Scott Schmidt, a former city transportation commissioner, attended the meeting with his arm in a sling. Scott related a story about being injured when he was violently shoved into the street at the intersection of Santa Monica and San Vicente boulevards in an unprovoked incident. Schmidt said that the deputy who eventually took his report was patient and compassionate, but the deputy who initially responded simply asked him if he had been drinking and then tried to dissuade him from reporting the incident. Indeed the deputy seemed annoyed by Schmidt’s insistence on reporting the assault. This corroborated Ben Coleman’s concerns about inaccurate reporting of criminal activity.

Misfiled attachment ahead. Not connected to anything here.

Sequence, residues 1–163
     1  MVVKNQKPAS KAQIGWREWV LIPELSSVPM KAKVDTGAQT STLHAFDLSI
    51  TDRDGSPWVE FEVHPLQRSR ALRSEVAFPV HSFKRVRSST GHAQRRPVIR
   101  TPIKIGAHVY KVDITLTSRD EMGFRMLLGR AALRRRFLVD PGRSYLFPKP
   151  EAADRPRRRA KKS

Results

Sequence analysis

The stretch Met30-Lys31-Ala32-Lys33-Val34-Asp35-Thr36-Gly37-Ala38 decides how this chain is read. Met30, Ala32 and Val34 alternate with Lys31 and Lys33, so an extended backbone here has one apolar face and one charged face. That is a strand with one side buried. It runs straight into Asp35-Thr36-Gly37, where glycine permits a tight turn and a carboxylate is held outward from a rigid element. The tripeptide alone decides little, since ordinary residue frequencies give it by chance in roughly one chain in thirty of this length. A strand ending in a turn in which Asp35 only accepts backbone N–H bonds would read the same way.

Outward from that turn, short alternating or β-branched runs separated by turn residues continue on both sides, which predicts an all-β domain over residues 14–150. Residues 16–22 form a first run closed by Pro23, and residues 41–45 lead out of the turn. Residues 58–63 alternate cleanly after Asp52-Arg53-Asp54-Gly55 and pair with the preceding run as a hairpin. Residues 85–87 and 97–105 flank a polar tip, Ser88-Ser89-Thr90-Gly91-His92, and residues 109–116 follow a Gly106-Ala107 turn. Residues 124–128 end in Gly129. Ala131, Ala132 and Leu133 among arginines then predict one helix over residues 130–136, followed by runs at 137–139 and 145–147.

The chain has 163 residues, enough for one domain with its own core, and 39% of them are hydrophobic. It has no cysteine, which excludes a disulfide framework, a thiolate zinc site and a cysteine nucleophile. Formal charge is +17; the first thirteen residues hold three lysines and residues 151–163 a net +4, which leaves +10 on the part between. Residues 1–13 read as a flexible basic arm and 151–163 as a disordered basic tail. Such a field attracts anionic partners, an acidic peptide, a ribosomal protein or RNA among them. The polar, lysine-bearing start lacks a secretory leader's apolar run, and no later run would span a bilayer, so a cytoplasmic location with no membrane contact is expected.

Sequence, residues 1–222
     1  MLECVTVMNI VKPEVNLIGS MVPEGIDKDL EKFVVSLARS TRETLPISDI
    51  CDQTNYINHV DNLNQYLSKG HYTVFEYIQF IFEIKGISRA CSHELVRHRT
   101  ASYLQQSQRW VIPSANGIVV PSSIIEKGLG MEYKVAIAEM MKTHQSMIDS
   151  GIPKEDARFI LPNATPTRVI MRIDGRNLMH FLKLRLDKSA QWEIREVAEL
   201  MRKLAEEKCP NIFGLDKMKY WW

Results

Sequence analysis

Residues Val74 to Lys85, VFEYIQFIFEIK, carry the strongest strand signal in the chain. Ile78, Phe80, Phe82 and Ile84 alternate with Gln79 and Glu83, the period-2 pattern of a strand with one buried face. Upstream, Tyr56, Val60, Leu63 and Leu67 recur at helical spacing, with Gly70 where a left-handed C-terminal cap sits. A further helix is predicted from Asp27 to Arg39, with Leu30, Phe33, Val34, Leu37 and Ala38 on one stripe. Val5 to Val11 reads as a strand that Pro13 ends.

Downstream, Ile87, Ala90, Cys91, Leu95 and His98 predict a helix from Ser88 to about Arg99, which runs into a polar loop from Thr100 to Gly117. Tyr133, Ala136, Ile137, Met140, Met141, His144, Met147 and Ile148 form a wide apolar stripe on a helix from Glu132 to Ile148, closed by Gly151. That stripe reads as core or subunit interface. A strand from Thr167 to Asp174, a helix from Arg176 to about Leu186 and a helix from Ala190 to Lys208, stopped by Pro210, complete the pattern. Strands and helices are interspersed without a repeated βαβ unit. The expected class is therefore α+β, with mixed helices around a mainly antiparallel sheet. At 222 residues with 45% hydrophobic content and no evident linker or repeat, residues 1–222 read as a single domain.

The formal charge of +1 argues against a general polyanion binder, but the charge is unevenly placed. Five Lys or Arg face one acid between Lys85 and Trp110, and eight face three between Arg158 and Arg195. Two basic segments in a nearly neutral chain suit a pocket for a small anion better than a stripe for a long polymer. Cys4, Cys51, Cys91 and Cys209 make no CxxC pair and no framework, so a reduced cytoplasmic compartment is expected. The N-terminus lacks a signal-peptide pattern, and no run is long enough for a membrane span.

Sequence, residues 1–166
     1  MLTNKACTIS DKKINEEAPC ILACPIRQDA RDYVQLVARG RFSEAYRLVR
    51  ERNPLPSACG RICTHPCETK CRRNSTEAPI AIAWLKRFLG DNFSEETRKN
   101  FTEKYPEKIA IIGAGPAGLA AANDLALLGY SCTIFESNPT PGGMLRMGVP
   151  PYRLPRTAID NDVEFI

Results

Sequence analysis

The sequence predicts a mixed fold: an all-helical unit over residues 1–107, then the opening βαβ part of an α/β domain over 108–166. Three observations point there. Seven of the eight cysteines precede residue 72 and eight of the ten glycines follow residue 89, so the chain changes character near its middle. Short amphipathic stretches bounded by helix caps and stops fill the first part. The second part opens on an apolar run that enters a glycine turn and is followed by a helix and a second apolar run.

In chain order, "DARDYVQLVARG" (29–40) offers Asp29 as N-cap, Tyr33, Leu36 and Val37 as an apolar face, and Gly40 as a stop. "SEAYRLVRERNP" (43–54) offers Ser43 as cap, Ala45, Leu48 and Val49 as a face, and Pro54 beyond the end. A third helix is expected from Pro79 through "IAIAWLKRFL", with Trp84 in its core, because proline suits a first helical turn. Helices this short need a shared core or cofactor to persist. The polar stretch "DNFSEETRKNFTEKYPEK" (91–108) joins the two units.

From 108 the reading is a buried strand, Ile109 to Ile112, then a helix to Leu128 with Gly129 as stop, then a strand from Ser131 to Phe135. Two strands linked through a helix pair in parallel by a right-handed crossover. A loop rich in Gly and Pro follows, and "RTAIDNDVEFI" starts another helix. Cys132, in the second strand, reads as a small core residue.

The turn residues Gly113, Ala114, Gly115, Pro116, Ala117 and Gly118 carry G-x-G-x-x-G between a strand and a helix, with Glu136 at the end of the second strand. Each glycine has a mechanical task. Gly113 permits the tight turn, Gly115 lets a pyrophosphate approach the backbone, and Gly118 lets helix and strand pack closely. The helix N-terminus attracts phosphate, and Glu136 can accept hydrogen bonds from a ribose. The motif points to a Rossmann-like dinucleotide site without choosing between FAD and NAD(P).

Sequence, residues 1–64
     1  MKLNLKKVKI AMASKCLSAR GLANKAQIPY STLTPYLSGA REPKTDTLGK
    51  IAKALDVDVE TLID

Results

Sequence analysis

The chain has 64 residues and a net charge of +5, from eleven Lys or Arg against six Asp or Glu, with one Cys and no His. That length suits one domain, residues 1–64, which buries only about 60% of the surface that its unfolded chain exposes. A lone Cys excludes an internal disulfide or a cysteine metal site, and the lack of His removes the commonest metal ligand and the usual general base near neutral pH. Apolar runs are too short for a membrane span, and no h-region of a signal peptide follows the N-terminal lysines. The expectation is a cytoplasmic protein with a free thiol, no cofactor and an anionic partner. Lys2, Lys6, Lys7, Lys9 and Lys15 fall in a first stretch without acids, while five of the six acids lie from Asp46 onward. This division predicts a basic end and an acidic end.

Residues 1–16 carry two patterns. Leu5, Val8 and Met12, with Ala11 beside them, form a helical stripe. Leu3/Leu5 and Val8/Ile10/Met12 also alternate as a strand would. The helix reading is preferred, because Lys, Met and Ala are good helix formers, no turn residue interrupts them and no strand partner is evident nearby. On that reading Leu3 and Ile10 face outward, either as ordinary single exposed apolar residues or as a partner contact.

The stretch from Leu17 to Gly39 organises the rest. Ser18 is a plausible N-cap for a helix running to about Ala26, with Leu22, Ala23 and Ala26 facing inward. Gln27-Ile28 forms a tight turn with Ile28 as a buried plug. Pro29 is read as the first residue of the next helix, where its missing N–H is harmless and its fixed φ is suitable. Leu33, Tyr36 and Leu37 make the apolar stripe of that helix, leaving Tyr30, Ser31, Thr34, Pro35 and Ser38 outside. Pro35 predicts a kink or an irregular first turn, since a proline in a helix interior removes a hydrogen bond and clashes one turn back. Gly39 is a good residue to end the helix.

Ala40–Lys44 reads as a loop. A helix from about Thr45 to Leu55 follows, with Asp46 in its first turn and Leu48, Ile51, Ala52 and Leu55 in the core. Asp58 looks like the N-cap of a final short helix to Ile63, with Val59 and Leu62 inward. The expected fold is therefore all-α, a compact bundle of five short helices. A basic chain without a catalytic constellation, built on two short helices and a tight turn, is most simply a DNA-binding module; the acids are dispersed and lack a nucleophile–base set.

Then Tracy Patton, who lives in a condo on Hayworth, testified before the Council that a woman was followed up the stairs of their building and was mugged by two men and had her purse stolen.
I spoke to the Council about an incident that was related to me by a friend and West Hollywood resident who lives just south of the Sunset Strip. He recently received a six figure settlement from the Sheriff’s Department, compensation after he had been pulled over in front of his apartment and pushed up against a wall, injuring his shoulder. Throughout the incident he was subjected to homophobic slurs from the arresting deputies. My friend is not gay, and the incident occurred while Kelly Frazier, an open lesbian, was captain of the West Hollywood station. Although my friend was taken to the Sheriff’s Station, no charges were filed.
After the citizens’ comments the City Council responded with the usual platitudes. Paul Arevalo, the City Manager, was more forthcoming in his response to the public safety comments, but it was odd that the only ones he specifically addressed where mine. Arevalo stated that in regard to my friend’s settlement, “some of the information was not exactly as the Sheriff has it…”